Malcolm Balk is an inspirational Alexander Technique (AT) teacher and running coach based in Montreal. He travels all over the world teaching runners of all ages and stages to transform their technique, avoid injury, and improve their performance. Over the past 20 years Malcolm has transformed the way thousands of people run, and next month he is coming to teach in Edinburgh for the first time. Jane-Ann Purdy interviewed him for The Edinburgh Reporter.

How did you get into the Alexander Technique?

In 1979 I was working as a child care worker and had recently taken up the cello again (I had played the instrument as a child). I had a lot of tension problems, then my teacher went to London to have Alexander lessons with Shoshana Kaminitz, who was assistant teacher to Patrick Macdonald [a leading teacher of AT who trained under F M Alexander]. When my teacher returned she was full of enthusiasm about “inhibition” and “doing the monkey”. I thought she was nuts, but she kept going on about it so I decided to read up about AT, and I eventually had some lessons with a guy who came up from New York City on the weekends.

Why did you decide to become an Alexander teacher?
Shoshana Kaminitz visited Montreal and suggested that I might like to go and study with her and Patrick Macdonald in London. By that time [1982] I had been bitten by the Alexander bug, and my job wasn’t really going anywhere, so I said yes. I sold everything I owned in Montreal, gave up my job, gave up my flat, packed my bags, and hopped on a plane to London.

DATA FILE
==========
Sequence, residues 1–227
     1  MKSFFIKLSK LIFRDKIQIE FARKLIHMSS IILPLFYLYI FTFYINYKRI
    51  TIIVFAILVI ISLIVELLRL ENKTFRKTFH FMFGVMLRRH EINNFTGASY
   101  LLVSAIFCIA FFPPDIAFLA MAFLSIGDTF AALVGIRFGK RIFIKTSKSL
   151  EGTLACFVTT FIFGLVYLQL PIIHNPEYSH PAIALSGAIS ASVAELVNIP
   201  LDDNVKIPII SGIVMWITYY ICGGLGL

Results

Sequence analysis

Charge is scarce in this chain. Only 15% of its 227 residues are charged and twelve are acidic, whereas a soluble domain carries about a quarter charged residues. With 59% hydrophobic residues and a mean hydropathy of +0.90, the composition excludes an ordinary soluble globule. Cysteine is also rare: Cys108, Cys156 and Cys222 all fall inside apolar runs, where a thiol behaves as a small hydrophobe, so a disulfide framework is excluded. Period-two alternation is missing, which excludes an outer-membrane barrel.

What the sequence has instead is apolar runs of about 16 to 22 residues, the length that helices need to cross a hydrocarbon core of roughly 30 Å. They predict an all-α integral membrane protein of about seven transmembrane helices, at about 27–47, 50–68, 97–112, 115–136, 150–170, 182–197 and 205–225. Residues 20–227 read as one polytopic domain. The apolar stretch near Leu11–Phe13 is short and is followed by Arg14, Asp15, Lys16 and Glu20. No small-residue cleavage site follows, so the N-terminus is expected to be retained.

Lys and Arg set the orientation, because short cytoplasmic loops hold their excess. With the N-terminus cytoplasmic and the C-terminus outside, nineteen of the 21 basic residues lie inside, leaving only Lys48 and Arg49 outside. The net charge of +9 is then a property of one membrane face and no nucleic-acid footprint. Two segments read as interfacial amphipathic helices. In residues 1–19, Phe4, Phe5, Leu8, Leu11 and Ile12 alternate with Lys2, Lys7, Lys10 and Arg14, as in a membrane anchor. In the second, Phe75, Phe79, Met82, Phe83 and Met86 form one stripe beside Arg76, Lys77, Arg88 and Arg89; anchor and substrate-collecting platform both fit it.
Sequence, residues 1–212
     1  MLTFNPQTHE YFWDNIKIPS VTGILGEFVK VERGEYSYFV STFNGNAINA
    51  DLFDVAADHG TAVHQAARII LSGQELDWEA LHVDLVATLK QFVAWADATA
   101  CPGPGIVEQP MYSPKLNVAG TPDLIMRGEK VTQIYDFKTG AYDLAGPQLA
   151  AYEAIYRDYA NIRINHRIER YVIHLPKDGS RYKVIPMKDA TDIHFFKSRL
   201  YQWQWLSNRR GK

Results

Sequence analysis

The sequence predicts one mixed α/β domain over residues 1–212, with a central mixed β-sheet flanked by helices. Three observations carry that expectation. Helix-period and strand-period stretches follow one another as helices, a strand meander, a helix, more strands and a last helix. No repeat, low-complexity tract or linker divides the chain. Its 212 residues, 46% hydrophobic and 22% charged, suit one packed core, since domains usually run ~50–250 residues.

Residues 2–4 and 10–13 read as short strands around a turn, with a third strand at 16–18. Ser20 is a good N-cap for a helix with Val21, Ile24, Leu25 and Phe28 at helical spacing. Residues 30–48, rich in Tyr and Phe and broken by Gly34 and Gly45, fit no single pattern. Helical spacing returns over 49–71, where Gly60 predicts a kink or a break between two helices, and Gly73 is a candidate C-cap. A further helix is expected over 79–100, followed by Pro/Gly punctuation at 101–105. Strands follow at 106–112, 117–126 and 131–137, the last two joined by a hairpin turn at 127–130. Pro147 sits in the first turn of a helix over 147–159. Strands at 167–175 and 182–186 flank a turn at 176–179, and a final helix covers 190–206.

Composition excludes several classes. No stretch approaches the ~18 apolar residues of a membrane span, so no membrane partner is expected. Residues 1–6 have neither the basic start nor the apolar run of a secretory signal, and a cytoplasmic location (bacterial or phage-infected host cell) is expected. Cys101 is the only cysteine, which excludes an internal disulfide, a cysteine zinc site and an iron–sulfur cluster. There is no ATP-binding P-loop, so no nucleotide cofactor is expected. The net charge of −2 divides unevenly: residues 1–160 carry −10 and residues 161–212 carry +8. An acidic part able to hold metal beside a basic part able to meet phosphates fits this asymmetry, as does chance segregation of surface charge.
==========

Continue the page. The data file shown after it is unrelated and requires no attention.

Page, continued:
Were you a runner at that point?
Yes. I had already run five marathons by then. But I was starting to get into trouble: I was getting injured a lot. It really was the law of diminishing returns: I put more and more into it, but got less and less out. It was a shame because I loved running.

How did your Alexander training affect your running?
I was looking for a way to improve and avoid injury, but I was worried that my tutors might want me to stop all physical activities (a lot of AT training courses insist on this). Patrick Macdonald said something different. He said, you can keep running but make sure you don’t tighten yourself up. This put the onus on me to figure out how to run and not get into trouble. It’s a quite different way of thinking for a runner, because usually you’re thinking about your goals and how fast you can go. Now I was watching myself on a stride by stride basis. I was beginning to think about freeing my neck and releasing my shoulders. Anyway, I think I did a good enough job as they never asked me to stop running.